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Wegimont Chateau

On the upside there was a castle on the site – or Chateau –  a Louis XIV style building that was the only Lebensborn maternity home in Belgium. During WWII, these homes were state approved associations with the goal of raising the birth rate of Aryan children via extramarital relations of German men classed as racially pure and healthy with unmarried women. Known locally as an ‘Ayran Stud Farms’, the resultant children were then adopted by likewise “racially pure and healthy” parents, particularly SS members and their families.

A cold, wet and dull day we walked around the park – full winter gear out of the cupboards including gloves for the first time in nearly a year, we managed a full sweep of the arboretum and then a quick hike around town to stock up on a few bits then back to the van for a warm up. Each time it gets a bit colder I have used this as evidence to convince Iain we should head for Portugal for some winter sun – alas so far he is holding out for heading home.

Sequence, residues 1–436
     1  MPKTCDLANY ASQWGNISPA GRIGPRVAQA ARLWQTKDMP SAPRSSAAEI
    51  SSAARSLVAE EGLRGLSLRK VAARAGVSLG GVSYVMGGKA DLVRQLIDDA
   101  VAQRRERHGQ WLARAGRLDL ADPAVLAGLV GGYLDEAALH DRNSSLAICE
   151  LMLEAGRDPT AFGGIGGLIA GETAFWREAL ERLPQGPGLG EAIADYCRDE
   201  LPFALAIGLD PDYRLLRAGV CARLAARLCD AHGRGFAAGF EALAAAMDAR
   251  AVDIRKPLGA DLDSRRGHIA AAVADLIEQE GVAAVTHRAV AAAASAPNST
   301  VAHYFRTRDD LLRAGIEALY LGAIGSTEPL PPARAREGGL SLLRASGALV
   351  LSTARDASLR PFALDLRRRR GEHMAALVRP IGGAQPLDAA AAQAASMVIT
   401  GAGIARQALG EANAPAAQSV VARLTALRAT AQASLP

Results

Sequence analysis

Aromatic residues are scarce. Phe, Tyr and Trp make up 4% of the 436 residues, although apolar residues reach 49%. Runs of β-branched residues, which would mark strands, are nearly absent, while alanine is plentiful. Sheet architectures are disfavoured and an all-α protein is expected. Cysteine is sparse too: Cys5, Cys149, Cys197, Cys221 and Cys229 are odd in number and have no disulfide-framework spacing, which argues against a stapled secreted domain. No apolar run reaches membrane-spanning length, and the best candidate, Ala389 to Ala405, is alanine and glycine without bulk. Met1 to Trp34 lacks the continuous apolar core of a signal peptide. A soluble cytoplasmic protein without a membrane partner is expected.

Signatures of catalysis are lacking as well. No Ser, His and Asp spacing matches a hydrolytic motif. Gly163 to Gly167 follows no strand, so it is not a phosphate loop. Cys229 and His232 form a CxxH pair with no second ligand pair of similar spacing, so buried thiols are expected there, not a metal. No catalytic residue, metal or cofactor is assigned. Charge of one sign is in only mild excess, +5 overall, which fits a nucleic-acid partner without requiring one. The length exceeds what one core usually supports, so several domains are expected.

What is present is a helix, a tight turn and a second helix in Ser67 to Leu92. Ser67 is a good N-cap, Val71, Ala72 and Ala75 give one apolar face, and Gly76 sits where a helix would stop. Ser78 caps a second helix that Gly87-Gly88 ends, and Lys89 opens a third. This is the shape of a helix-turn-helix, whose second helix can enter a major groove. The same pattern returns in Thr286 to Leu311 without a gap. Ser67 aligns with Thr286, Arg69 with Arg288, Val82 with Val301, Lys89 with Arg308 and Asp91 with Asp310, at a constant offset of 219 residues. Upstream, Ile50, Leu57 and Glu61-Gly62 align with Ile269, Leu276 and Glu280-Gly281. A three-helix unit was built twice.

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We had planned for a few days around the Liege area, however waking to sleet on Wednesday scuppered that one. Instead we aimed West and left the sleet behind, instead we hit snow! Proper white flakes of the stuff, falling fairly rapidly but luckily not sticking enough to make driving a problem.

By the time we had arrived in Tournai all signs of snow had gone, replaced with rain and a promise of sunshine later.  Tournai is the oldest town in Belgium, we had never heard of it, not sure why as its very impressive. One of Belgium’s most culturally import towns, it is chock full of magnificent buildings, including the oldest cathedral in Belgium.

As is usual for us the cathedral was shrouded in scaffolding undergoing restoration. The ‘Grand Place’ town square is a mix of trendy shops, bars and several museums set around cobbled streets with a series of water fountains – all in all a great place to spend an afternoon – unless its freezing and damp which it was so we made do with a couple of hours whistle stop tour.